Ending gerrymandering for good is key to building a democracy for all
As a newly eligible young voter, this is my first time in the spotlight instead of observing from the sidelines. I can’t tell you how many phone calls, texts, and ads I have received from different organizations and campaigns reminding me to vote this November and encouraging me to do so for one candidate or another.
If I’m honest, it can get pretty overwhelming at times, especially with the hyperpolarized political climate. Watching Sunday Night Football, I see so many negative attack ads in a row that it makes me question whether we even have a way forward after the election.
If everyone running is as incompetent and flawed as the other side portrays, is there any hope for America as a whole? This has been a big issue that has weighed deeply on my conscience in this election. I know how much of a responsibility voting is, but sometimes dwelling on this election can just become disheartening.
When this happens, I find it important to recognize why it is important in the first place. This is the “Great Experiment,” as George Washington said. It’s not going to be perfect, but it’s based on the idea that we are all Americans at the end of the day, and we want the same thing. We believe in individual freedoms and the right to free and fair elections.
This is why gerrymandering is such an important issue to me, especially in this year’s election. With the 2020 census over, who we elect this November to the NC House and NC Senate will be responsible for drawing new legislative and congressional districts based on population changes that have happened in the last 10 years. These individuals are responsible for making sure that our elections for the decade to come are fair and that those who represent us are an accurate reflection of our communities.
When politicians on either side of the political spectrum dilute votes for their own political and personal gain, it’s disheartening because we live in a democracy. Partisan gerrymandering is such an important yet overlooked issue. People would rather speak about affordable healthcare, fair taxes, the role of law enforcement, and the environment, among other issues, because they appear more engaging. In reality, though, without fair districts, no other change can occur.
However, ending partisan gerrymandering is not a lost cause, as the issue has growing bipartisan support. A poll last fall of North Carolina voters found 62% in favor of nonpartisan redistricting, with only 9% opposed. This is a big step in the right direction because North Carolinians agree that we want our elections to be fair and we want to pick our representatives instead of our representatives picking their voters.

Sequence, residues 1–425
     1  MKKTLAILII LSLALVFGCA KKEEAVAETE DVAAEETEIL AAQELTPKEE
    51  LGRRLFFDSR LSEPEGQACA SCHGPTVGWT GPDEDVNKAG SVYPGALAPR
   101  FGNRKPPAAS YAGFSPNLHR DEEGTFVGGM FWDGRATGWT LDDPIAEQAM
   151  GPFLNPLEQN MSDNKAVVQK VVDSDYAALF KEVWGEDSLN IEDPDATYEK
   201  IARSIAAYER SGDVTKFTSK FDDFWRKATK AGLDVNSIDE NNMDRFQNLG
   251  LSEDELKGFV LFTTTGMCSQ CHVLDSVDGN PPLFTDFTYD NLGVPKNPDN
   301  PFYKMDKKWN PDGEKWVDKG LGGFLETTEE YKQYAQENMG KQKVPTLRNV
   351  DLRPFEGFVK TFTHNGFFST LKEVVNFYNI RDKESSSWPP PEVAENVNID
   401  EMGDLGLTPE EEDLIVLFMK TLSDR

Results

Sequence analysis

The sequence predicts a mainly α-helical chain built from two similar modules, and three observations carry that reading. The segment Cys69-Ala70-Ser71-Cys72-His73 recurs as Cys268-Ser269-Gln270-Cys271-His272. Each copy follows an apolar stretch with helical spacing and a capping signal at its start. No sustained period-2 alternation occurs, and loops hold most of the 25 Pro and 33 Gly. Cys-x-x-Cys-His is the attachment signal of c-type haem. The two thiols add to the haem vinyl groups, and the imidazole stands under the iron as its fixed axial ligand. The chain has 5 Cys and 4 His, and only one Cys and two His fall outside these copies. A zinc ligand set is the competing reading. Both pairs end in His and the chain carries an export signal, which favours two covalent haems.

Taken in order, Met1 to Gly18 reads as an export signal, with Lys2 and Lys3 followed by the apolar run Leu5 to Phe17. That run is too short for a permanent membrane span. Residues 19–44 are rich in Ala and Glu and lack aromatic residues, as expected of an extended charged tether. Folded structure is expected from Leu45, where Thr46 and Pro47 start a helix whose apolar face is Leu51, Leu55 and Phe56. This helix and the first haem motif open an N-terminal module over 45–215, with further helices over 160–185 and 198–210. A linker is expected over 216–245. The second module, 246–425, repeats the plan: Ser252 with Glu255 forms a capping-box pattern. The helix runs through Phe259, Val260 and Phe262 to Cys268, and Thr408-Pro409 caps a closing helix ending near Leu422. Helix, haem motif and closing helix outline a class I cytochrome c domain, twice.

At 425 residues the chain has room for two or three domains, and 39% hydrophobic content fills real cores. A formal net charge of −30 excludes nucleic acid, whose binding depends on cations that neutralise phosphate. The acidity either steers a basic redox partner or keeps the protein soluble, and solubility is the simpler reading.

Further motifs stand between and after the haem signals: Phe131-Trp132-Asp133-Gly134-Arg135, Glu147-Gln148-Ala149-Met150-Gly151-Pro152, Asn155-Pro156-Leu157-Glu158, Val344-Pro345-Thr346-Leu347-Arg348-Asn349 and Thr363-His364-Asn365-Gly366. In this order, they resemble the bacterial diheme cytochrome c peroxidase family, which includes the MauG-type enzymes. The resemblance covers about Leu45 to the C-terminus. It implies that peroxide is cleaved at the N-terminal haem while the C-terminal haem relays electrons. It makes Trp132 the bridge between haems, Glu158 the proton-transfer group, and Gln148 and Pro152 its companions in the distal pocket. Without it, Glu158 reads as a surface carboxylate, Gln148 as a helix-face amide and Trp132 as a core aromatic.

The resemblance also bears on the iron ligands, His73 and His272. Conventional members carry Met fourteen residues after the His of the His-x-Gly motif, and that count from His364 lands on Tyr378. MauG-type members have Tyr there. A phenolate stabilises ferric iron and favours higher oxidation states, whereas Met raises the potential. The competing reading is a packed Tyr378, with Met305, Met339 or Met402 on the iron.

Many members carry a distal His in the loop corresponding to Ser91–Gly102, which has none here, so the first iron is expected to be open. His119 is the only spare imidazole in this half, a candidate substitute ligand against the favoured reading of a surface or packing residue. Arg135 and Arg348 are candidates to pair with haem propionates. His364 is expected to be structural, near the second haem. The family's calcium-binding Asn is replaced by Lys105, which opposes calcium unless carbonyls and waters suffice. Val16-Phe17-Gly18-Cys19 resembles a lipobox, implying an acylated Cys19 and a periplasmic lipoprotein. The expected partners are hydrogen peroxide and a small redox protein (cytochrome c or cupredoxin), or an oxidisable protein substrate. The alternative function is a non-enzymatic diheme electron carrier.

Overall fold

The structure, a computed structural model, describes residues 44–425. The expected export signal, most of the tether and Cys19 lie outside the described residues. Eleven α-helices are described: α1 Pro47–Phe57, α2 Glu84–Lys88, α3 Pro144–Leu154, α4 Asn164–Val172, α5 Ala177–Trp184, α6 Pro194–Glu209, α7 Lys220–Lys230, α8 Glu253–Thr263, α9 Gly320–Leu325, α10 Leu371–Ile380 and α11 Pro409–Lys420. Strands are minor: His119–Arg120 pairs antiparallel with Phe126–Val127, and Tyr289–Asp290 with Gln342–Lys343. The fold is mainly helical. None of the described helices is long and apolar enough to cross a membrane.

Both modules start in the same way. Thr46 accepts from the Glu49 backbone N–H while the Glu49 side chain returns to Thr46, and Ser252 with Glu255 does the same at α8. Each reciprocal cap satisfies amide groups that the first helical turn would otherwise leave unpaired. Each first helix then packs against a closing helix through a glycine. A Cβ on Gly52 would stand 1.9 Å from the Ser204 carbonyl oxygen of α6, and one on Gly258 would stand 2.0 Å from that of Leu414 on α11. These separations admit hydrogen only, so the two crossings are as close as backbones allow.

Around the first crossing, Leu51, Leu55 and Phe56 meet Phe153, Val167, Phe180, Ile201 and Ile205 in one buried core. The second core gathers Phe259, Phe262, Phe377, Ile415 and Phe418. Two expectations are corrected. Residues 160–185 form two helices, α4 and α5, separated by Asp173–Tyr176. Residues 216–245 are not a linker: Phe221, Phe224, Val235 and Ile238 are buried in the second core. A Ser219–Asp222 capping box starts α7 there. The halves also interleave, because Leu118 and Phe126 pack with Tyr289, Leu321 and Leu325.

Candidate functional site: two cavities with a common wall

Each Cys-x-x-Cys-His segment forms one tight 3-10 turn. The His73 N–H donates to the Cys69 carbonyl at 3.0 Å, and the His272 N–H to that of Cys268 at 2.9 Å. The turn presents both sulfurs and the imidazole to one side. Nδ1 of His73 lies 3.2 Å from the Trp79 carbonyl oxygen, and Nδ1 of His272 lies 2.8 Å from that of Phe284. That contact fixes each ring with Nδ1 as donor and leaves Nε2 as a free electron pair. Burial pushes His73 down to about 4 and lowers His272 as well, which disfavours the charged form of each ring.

Our democracy is at stake, so what do we do? One of the best ways to end gerrymandering for good is to take the politicians out of the picture and create a nonpartisan Citizens Redistricting Commission tasked with drawing districts that accurately represent North Carolina, with full transparency and robust public input. For this to happen, the legislature that North Carolina voters elect will need to make the redistricting process nonpartisan, instead of engaging in the racial and partisan gerrymandering that has plagued our state for decades.
You can visit the nonpartisan 2020 NC Voter Guide at NCVoterGuide.org to see what this year’s legislative candidates say is the best way to handle the upcoming round of redistricting in 2021.
Regardless of who wins this year’s elections, it will be up to the people of North Carolina to hold our lawmakers accountable and demand common-sense redistricting reform in next year’s legislative session.
Ending gerrymandering is not a partisan issue; it is about ensuring that each person’s vote matters just as much as the next in our state regardless of their political views. Ultimately, it’s only with fair voting maps and fair elections that our American experiment can truly succeed.
Nora White is a first-time voter and a member of Common Cause NC, a nonpartisan, grassroots organization dedicated to upholding the core values of American democracy.
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